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Why does __ne__ exist?


On Mon, Jan 8, 2018 at 10:55 AM, Ben Finney <ben+python at benfinney.id.au> wrote:
> Chris Angelico <rosuav at gmail.com> writes:
>
>> So, yeah, sounds like it's basically historical. I'm still not sure
>> why it was done in the first place, but it looks like it's the sort of
>> thing that wouldn't be done now.
>
> I'm not understanding why you speculate that it wouldn't be done today.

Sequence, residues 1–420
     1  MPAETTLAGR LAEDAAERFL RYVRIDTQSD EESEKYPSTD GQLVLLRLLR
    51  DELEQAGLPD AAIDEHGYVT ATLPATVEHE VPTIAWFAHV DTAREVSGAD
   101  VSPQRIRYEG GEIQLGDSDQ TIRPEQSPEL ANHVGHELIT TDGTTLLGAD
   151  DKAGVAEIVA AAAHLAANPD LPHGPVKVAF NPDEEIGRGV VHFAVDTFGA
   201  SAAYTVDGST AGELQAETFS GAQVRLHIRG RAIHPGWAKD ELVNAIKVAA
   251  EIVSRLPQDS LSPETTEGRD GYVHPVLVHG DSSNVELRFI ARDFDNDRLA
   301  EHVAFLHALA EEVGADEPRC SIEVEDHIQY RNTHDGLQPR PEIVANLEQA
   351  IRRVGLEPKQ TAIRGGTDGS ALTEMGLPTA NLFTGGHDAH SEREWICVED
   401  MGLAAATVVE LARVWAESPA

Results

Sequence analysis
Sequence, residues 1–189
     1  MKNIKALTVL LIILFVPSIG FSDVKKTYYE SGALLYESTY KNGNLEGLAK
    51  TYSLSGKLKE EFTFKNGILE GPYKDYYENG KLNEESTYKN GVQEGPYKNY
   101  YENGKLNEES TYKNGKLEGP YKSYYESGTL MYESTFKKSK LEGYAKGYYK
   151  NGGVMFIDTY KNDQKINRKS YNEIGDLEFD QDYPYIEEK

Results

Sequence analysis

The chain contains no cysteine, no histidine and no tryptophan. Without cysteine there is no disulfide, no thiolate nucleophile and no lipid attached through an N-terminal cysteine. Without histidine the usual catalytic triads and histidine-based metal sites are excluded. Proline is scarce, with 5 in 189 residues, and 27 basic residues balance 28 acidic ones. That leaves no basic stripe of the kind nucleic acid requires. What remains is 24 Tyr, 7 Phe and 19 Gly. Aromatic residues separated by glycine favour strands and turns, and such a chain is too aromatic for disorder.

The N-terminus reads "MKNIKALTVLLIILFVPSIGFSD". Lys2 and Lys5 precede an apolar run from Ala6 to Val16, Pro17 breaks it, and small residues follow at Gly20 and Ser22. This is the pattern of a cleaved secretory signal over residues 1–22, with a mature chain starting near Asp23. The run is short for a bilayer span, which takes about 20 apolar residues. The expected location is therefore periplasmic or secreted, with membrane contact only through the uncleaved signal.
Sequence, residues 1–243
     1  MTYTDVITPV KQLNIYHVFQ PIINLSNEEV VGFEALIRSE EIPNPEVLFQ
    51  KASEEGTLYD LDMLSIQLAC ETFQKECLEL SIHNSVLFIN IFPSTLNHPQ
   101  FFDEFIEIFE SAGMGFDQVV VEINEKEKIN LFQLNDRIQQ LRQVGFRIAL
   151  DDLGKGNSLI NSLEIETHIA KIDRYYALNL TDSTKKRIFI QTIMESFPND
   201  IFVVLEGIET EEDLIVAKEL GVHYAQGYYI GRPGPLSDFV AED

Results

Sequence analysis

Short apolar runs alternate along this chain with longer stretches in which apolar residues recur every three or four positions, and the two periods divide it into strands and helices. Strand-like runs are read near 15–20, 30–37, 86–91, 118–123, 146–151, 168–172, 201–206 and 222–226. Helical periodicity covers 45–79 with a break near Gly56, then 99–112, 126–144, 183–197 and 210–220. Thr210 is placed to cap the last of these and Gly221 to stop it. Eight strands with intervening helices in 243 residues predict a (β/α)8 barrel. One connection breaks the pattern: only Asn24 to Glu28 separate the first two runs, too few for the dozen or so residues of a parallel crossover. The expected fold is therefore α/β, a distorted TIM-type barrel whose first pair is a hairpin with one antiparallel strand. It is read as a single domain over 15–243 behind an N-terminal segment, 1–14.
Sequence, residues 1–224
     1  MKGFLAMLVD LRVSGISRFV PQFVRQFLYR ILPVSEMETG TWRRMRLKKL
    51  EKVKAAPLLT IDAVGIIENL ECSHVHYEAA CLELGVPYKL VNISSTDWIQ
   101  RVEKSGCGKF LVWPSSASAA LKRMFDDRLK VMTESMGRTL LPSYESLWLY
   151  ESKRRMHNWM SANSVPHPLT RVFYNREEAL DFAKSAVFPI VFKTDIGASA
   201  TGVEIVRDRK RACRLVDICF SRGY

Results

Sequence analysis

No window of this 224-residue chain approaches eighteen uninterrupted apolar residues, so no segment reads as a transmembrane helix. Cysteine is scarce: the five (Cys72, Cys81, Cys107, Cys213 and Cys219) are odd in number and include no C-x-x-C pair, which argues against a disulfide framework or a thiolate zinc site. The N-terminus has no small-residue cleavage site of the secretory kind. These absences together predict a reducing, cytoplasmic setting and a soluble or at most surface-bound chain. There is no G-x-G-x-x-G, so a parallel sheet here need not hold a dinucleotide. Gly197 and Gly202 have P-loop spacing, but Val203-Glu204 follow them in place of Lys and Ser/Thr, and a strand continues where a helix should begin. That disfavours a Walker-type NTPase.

>
> We've established that it is useful to allow data types to define their
> own meaning of ?equal? and ?not equal?, like many other operations. Is
> that not good enough reason to allow it still?

The fact that container types can define "contains" but can't define
"doesn't contain", and that (as of Py3) there's proper default
handling, suggests that it's not as big a priority now.

Let's put it this way. Suppose that __eq__ existed and __ne__ didn't,
just like with __contains__. Go ahead: sell the notion of __ne__.
Pitch it, show why we absolutely need to allow this. Make sure you
mention the potential confusion when subclassing. Be sure to show why
it's okay for "not in" to force to boolean but "==" should allow any
return value.

ChrisA